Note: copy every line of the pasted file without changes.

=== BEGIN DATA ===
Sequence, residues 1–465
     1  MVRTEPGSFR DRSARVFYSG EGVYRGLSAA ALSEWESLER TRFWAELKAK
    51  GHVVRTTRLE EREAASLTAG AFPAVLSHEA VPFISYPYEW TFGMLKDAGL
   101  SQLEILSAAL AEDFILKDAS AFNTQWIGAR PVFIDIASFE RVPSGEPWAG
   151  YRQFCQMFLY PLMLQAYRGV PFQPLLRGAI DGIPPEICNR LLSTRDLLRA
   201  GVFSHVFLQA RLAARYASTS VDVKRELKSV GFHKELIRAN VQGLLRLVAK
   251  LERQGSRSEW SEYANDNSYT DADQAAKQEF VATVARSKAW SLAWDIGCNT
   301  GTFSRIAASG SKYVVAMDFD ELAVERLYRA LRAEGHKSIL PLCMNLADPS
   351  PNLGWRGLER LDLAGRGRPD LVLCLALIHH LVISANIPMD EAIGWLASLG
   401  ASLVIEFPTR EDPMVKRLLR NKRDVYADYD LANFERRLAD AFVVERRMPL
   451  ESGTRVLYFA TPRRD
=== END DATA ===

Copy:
Sequence, residues 1–465
     1  MVRTEPGSFR DRSARVFYSG EGVYRGLSAA ALSEWESLER TRFWAELKAK
    51  GHVVRTTRLE EREAASLTAG AFPAVLSHEA VPFISYPYEW TFGMLKDAGL
   101  SQLEILSAAL AEDFILKDAS AFNTQWIGAR PVFIDIASFE RVPSGEPWAG
   151  YRQFCQMFLY PLMLQAYRGV PFQPLLRGAI DGIPPEICNR LLSTRDLLRA
   201  GVFSHVFLQA RLAARYASTS VDVKRELKSV GFHKELIRAN VQGLLRLVAK
   251  LERQGSRSEW SEYANDNSYT DADQAAKQEF VATVARSKAW SLAWDIGCNT
   301  GTFSRIAASG SKYVVAMDFD ELAVERLYRA LRAEGHKSIL PLCMNLADPS
   351  PNLGWRGLER LDLAGRGRPD LVLCLALIHH LVISANIPMD EAIGWLASLG
   401  ASLVIEFPTR EDPMVKRLLR NKRDVYADYD LANFERRLAD AFVVERRMPL
   451  ESGTRVLYFA TPRRD